129             Crow, Northwestern                                          
5                Dipper, American                    ­­­                 
65               Duck, Harlequin                                       
2                Duck, Long-tailed 
         CW Dunlin                            
50               Eagle, Bald                                      
1                Falcon, unknown species                                            
         CW  Gadwall                                  
336             Goldeneye, Barrow’s                                         
98               Goldeneye, Common                                         
75               Grebe, Horned                                                  
6                Grebe, Red-necked                           ­­­                 
249             Grosbeak, Pine                                         
1                Guillemot, Pigeon 
         1  Gull, Glaucous-winged X Herring hybrid  (not a species)     
176             Gull, Glaucous-winged                              
9                Gull, Herring                                                     
55               Gull, Mew                                                         ­­­
4                Heron, Great Blue                                     
2                Hummingbird, Anna’s                                                 
38               Jay, Steller’s                                                              
81               Junco, Dark-eyed (Slate-colored)
                           including 1 Junco, Dark-eyed (Oregon)                         ­­­
12               Kingfisher, Belted                                                       
23               Kinglet, Golden-crowned          ­­­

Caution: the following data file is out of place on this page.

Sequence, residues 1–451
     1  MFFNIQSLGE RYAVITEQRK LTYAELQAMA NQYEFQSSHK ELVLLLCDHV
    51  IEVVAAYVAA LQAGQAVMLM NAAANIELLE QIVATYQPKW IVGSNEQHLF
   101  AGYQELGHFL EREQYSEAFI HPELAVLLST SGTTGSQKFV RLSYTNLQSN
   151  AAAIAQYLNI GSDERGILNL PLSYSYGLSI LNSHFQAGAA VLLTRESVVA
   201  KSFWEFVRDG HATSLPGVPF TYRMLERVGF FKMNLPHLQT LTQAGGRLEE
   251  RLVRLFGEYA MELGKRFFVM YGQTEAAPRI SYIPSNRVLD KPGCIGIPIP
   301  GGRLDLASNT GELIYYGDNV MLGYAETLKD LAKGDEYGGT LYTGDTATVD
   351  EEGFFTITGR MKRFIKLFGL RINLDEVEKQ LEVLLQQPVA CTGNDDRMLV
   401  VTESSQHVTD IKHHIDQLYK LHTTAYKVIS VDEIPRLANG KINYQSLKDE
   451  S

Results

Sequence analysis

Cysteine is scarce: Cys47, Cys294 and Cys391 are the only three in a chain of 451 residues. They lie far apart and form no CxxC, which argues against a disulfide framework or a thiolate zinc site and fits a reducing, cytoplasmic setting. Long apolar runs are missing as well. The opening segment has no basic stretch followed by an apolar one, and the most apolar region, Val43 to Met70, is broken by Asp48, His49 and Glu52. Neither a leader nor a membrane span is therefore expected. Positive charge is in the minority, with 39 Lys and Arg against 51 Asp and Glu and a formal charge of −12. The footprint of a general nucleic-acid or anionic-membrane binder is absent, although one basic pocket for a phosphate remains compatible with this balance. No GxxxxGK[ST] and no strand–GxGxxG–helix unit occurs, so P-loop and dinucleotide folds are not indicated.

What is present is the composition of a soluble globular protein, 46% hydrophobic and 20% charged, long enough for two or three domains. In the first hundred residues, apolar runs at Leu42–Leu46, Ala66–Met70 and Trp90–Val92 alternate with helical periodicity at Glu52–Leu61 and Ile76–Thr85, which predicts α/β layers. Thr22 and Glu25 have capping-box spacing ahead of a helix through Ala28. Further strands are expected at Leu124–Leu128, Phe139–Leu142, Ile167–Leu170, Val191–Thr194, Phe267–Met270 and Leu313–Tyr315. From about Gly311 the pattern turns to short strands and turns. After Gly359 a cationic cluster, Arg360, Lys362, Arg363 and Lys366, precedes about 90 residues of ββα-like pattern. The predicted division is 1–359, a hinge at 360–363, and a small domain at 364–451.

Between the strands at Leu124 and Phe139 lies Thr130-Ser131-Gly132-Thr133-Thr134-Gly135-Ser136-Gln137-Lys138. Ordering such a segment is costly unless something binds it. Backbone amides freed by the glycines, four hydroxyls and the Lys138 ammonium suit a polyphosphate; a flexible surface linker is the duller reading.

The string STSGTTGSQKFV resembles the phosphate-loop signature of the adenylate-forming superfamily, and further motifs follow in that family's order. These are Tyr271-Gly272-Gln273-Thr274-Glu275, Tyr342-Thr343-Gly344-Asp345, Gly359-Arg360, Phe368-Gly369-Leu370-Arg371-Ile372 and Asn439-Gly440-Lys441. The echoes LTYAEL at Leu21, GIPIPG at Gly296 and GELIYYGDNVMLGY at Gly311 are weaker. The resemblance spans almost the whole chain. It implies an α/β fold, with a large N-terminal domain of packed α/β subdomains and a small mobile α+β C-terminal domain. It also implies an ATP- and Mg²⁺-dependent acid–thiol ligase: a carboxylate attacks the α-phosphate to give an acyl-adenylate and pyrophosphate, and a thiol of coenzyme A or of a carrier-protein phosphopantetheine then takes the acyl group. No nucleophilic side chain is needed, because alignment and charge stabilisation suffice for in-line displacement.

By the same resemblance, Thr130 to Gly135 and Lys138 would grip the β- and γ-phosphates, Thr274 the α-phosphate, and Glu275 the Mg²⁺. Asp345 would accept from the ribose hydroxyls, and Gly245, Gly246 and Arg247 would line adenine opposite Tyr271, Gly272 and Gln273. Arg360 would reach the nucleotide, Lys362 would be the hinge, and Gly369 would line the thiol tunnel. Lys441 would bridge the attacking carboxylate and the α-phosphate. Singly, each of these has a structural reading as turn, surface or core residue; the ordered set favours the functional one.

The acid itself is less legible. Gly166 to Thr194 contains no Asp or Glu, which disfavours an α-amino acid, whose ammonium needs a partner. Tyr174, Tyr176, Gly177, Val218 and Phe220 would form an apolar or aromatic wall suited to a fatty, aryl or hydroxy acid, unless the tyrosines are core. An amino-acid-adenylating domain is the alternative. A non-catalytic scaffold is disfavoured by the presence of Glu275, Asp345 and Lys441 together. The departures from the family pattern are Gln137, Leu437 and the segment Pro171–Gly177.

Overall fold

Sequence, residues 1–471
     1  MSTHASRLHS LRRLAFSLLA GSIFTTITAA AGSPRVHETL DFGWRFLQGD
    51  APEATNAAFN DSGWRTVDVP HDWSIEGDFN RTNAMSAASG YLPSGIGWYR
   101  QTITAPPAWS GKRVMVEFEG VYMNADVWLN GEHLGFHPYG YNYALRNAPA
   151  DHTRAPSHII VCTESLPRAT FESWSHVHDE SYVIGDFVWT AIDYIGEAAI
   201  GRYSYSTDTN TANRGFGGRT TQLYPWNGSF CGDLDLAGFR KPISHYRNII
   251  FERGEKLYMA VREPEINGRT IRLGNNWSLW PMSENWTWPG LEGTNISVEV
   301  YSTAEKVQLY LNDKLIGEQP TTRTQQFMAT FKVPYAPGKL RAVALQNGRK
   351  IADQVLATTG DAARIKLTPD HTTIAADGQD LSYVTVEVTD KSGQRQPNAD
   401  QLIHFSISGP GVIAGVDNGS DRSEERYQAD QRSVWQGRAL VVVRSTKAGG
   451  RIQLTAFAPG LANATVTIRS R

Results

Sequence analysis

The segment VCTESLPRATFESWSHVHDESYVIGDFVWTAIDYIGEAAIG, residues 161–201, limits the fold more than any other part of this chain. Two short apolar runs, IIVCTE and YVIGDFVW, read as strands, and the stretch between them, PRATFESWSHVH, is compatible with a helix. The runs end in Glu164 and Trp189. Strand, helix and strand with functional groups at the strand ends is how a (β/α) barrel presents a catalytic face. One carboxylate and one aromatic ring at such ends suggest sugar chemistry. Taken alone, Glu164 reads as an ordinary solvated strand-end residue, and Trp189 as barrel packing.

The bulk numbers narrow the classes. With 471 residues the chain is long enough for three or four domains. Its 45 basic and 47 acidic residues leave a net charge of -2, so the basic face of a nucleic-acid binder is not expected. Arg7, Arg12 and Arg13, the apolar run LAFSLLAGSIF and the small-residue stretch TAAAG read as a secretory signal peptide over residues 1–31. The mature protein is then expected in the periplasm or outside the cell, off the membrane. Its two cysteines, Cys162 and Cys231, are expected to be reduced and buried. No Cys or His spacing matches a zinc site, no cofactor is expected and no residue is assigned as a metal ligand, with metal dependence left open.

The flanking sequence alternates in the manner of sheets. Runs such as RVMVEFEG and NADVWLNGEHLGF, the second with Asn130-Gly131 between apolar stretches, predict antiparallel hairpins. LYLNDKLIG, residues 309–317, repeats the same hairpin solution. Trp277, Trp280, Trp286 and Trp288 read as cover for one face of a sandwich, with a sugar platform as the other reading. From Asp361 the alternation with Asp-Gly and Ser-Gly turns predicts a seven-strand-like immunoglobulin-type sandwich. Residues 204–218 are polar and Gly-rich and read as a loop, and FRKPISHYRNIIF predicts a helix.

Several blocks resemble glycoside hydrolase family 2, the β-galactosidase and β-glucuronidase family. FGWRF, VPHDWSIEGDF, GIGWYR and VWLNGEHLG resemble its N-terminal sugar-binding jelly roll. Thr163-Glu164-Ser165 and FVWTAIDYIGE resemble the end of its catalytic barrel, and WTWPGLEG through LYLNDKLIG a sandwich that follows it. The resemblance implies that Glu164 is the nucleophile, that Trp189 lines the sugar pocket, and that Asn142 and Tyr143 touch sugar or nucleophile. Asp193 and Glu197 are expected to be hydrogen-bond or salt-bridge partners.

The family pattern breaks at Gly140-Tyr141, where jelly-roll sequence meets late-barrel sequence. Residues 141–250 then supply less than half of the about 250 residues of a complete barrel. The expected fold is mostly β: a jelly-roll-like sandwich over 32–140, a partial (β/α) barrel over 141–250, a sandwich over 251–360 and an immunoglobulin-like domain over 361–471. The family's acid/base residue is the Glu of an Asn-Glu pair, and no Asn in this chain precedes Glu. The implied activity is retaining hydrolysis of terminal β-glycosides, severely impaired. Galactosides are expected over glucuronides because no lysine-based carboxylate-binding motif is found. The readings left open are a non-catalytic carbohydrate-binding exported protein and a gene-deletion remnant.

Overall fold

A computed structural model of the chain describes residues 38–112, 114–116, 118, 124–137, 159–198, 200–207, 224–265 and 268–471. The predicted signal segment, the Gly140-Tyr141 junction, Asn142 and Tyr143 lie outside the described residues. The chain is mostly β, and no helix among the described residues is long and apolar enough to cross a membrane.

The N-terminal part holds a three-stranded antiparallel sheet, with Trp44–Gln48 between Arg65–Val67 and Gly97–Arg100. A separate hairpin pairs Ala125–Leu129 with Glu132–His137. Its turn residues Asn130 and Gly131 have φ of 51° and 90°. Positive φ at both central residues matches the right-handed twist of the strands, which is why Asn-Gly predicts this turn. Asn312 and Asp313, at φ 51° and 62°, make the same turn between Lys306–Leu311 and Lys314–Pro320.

15               Loon, Common                       ­­­                 
6                Loon, Pacific                                                    
36               Magpie, Black-billed                                            ­­­
117             Mallard                                                    
48               Merganser, Common                                         
         CW Merganser, Hooded                   
48               Merganser, Red-breasted                           
99               Murrelet, Marbled                                     
25               Nuthatch, Red-breasted
         CW Owl, Great-Horned
1                Owl, Northern Saw-whet                                   
98               Pigeon, Rock                                                    
1                Pipit, American                                        
15               Ptarmigan, Rock                                      
57               Raven, Common                                      
48               Robin, American                     ­­­                 
         CW  Sandpiper, Rock
         CW Sapsucker, Red-breasted  
2                Scaup, Greater                                                  
65               Scoter, Surf                                             
1                Scoter, White-winged
1                Shrike, Northern                             
1                Siskin, Pine                             ­­­                 
2                Sparrow, American Tree                           
2                Sparrow, Golden-crowned                                 
6                Sparrow, Song                                 ­­­                 
8                Sparrow, White-crowned                                   
2                Sparrow, White-throated                           
         CW Swan, Trumpeter                                        
         CW Teal, Green-winged                                     
14               Thrush, Varied                        ­­­                 
         CW Waxwing, Bohemian                          
6                Woodpecker, Downy                                         
3                Woodpecker, Hairy                                            
1                Wren, Pacific                                  

TOTAL SPECIES: 56, 11 for Count Week, 67 total
Total individuals: 2447